to be sounded, and instantly marched with a large army against the
enemy. The two hosts were soon engaged, the anger of the Turanians being
so much roused and sharpened by the death of the prince, that they were
utterly regardless of their lives. The battle, therefore, was fought
with unusual fury.

Two sovereigns in the field, in desperate strife,
Each by a grievous cause of wrath, urged on
To glut revenge; this, for a father's life
Wantonly sacrificed; that for a son
Slain in his prime.--The carnage has begun,
And blood is seen to flow on every side;
Thousands are slaughtered ere the day is done,
And weltering swell the sanguinary tide;
And why? To soothe man's hate, his cruelty, and pride.

The battle terminated in the discomfiture and defeat of the Turanians,
who fled from the conquerors in the utmost confusion. The people seized
hold of the bridle of Afrasiyab's horse, and obliged him to follow his
scattered army.

Kai-khosrau having despatched an account of his victory to Kaus, went in
pursuit of Afrasiyab, traversing various countries and provinces, till
he arrived on the borders of Chin. The Khakan, or sovereign of that
state, became in consequence greatly alarmed, and presented to him large
presents to gain his favor, but the only object of Khosrau was to secure
Afrasiyab, and he told the ambassador that if his master dared to afford
him protection, he would lay waste the whole kingdom. The Khakan
therefore withdrew his hospitable services, and the abandoned king was
compelled to seek another place of refuge.


Melancholy and afflicted, Afrasiyab penetrated through wood and desert,
and entered the province of Mikran, whither he was followed by
Kai-khosrau and his army. He then quitted Mikran, but his followers had
fallen off to a small number and to whatever country or region he
repaired for rest and protection, none was given, lest the vengeance of
Kai-khosrau should be hurled upon the offender. Still pursued and hunted
like a wild beast, and still flying from his enemies, the small retinue
which remained with him at last left him, and he was left alone,
dejected, destitute, and truly forlorn. In this state of desertion he
retired into a cave, where he hoped to continue undiscovered and unseen.

It chanced, however, that a man named Hum, of the race of Feridun, dwelt
hard by. He was remarkable for his strength and bravery, but had
peacefully taken up his abode upon the neighboring mountain, and was
passing a religious life without any communication with the busy world.
His dwelling was a little way above the cave of Afrasiyab. One night he
heard a voice of lamentation below, and anxious to ascertain from whom
and whence it proceeded, he stole down to the spot and listened. The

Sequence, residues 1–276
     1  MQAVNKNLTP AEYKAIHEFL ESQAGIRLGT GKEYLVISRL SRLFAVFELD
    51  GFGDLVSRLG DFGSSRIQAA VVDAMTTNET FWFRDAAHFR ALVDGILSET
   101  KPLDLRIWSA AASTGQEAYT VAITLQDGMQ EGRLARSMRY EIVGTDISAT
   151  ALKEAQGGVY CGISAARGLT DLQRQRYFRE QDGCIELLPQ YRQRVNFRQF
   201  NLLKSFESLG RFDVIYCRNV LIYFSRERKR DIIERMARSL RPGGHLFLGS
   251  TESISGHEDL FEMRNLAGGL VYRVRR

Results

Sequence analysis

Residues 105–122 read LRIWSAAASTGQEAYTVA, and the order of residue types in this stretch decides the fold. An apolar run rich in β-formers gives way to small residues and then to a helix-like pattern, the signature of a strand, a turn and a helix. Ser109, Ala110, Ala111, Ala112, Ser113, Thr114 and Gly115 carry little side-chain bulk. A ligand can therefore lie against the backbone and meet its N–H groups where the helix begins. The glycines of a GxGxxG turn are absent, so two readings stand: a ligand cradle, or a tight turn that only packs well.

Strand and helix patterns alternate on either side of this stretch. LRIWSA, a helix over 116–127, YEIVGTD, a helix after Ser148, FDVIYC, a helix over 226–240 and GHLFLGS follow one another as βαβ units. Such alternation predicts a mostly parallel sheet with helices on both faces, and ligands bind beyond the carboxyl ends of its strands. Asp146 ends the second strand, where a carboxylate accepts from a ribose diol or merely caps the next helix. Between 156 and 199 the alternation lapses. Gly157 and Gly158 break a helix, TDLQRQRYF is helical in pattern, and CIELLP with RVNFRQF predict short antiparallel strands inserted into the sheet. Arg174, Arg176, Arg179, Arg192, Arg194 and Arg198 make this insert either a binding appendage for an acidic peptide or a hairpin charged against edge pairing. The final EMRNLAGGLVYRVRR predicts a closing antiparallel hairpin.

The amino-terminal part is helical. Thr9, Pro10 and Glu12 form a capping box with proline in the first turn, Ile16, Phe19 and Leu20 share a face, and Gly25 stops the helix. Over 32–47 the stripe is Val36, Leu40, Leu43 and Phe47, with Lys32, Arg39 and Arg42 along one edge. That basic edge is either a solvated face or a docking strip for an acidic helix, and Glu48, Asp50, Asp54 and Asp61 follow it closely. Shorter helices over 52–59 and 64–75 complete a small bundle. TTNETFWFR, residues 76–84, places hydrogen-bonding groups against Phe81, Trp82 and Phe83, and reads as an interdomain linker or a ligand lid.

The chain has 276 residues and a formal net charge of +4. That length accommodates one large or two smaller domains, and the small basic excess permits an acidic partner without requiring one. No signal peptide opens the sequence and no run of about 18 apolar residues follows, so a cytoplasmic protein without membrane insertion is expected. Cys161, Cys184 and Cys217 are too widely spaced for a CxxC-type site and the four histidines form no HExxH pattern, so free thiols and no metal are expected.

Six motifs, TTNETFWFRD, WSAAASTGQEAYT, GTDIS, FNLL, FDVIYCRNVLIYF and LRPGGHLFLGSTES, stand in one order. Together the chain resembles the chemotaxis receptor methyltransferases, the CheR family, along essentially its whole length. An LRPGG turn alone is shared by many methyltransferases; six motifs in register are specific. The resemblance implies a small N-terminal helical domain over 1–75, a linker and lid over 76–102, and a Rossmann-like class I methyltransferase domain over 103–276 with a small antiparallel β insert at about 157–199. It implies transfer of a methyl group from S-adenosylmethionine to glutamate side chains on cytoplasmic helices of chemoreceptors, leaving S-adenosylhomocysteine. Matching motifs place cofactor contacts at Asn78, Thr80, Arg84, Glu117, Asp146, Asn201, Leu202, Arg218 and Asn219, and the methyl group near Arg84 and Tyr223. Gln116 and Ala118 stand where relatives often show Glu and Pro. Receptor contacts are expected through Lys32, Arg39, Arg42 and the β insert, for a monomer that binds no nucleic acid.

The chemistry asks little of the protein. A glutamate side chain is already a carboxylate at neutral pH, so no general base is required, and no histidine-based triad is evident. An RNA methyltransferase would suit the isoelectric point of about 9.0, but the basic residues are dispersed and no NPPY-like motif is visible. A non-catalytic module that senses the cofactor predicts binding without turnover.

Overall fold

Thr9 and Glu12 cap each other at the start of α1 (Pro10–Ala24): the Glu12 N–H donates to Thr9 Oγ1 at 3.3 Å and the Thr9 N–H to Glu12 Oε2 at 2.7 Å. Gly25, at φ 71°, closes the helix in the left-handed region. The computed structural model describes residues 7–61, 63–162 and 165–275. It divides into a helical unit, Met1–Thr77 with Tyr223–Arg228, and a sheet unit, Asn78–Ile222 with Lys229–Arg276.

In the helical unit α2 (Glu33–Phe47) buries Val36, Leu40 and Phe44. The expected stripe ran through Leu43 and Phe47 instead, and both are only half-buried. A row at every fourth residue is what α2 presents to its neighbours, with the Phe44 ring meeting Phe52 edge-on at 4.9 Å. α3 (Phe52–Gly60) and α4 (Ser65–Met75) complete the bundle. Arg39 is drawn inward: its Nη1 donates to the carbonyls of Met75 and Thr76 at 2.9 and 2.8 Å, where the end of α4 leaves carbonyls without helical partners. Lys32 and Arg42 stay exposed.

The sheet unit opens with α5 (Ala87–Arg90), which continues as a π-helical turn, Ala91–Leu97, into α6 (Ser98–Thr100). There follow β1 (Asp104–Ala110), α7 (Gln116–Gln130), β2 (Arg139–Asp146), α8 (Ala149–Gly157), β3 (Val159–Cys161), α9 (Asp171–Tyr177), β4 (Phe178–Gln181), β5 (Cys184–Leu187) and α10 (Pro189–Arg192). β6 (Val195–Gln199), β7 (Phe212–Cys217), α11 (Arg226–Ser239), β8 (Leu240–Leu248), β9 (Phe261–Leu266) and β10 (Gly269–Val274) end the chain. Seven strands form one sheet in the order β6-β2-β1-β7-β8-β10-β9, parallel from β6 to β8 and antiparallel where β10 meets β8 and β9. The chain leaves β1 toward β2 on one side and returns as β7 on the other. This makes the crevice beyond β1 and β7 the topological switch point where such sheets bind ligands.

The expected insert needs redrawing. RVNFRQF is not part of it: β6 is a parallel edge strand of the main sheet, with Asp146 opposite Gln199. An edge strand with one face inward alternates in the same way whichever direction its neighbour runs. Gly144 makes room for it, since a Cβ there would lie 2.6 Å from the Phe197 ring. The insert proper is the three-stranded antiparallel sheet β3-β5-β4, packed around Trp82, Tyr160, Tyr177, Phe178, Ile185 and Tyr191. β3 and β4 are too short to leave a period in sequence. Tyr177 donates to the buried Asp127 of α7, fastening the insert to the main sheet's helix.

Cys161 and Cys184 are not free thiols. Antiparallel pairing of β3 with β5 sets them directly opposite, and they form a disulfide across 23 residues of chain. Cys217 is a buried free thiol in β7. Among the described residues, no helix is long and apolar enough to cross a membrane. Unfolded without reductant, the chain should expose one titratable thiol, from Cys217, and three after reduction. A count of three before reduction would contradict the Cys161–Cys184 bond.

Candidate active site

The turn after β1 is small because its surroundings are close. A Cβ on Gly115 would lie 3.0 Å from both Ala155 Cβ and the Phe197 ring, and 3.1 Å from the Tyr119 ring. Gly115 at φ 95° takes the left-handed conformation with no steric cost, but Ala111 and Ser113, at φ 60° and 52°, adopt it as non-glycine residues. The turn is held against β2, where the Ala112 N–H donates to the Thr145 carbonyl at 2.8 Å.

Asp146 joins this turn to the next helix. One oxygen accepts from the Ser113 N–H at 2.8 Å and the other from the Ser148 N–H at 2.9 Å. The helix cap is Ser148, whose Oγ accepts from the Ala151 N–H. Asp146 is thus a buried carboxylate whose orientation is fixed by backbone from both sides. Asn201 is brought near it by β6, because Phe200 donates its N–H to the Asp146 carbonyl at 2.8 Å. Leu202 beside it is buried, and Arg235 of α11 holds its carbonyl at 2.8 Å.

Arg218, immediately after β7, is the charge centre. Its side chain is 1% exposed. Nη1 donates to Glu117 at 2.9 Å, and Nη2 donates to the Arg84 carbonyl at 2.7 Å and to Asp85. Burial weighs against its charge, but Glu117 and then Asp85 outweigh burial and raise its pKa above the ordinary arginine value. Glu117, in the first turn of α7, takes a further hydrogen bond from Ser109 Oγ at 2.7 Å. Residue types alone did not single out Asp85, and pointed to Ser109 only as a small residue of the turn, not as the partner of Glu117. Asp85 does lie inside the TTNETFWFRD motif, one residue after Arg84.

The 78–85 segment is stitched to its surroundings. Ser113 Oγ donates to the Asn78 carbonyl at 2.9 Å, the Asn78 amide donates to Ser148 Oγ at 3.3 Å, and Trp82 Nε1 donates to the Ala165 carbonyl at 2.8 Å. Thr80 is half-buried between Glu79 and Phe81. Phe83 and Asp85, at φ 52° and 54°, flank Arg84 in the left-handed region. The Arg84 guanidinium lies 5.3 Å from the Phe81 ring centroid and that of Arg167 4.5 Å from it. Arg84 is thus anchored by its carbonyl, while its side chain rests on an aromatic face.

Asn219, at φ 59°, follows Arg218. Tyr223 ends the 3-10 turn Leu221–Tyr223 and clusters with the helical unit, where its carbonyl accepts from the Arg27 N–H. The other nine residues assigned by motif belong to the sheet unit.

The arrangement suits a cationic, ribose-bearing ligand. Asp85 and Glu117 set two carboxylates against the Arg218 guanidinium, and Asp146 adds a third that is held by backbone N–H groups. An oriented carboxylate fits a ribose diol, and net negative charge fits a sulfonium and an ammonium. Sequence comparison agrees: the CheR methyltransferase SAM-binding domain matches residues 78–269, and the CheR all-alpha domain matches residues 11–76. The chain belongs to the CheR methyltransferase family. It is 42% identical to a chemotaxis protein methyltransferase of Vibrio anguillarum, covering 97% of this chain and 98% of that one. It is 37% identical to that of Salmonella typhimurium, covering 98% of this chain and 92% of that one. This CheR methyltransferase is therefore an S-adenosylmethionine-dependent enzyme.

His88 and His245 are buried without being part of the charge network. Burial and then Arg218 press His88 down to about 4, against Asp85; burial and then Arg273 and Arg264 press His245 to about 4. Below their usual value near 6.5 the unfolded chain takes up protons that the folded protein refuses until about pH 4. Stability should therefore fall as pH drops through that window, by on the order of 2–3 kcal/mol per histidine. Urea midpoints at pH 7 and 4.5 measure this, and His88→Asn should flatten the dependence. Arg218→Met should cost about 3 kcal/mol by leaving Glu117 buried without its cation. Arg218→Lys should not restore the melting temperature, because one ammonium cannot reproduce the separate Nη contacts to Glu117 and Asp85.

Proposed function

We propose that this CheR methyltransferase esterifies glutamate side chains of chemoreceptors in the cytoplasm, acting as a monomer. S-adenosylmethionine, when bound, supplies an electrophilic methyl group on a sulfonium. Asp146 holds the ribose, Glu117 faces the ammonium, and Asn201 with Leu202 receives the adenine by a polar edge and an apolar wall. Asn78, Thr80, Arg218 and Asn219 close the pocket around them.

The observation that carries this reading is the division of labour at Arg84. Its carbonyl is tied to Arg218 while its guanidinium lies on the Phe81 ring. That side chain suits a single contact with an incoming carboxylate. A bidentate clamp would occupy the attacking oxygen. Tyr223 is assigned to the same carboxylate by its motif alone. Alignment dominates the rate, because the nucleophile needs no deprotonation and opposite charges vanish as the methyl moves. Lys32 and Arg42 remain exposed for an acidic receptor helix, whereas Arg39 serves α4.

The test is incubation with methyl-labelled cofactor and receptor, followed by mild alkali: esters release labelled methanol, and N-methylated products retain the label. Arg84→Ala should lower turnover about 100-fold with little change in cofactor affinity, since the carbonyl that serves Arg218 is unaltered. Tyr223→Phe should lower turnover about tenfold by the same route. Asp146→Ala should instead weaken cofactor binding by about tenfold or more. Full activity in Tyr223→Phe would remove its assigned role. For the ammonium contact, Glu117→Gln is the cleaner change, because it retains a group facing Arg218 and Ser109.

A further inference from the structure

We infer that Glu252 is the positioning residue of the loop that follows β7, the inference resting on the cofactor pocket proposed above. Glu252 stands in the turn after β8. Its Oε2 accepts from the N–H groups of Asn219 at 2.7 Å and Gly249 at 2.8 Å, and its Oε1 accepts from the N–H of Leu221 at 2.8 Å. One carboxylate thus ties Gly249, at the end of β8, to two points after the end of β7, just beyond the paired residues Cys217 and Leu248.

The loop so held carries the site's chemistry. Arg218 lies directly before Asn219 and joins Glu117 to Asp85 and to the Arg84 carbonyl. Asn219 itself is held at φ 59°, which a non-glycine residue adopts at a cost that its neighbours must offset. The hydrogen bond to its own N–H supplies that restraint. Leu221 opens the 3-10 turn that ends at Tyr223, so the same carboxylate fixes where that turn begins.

mourner spoke in the Turkish language, and said:--"O king of Turan and
Chin, where is now thy pomp and power! How has Fortune cast away thy
throne and thy treasure to the winds?" Hearing these words Hum
conjectured that this must be Afrasiyab; and as he had suffered severely
from the tyranny of that monarch, his feelings of vengeance were
awakened, and he approached nearer to be certain that it was he. The
same lamentations were repeated, and he felt assured that it was
Afrasiyab himself. He waited patiently, however, till morning dawned,
and then he called out at the mouth of the cave:--"O, king of the world!
come out of thy cave, and obtain thy desires! I have left the invisible
sphere to accomplish thy wishes. Appear!" Afrasiyab thinking this a
spiritual call, went out of the cave and was instantly recognized by
Hum, who at the same moment struck him a severe blow on the forehead,
which felled him to the earth, and then secured his hands behind his
back. When the monarch found himself in fetters and powerless, he
complained of the cruelty inflicted upon him, and asked Hum why he had
treated a stranger in that manner. Hum replied: "How many a prince of
the race of Feridun hast thou sacrificed to thy ambition? How many a
heart hast thou broken? I, too, am one who was compelled to fly from thy
persecutions, and take refuge here on this desert mountain, and
constantly have I prayed for thy ruin that I might be released from this
miserable mode of existence, and be permitted to return to my paternal
home. My prayer has been heard at last, and God has delivered thee into
my hands. But how earnest thou hither, and by what strange vicissitudes
art thou thus placed before me?" Afrasiyab communicated to him the story
of his misfortunes, and begged of him rather to put him to death on the
spot than convey him to Kai-khosrau. But Hum was too much delighted with
having the tyrant under his feet to consider either his safety or his
feelings, and was not long in bringing him to the Persian king.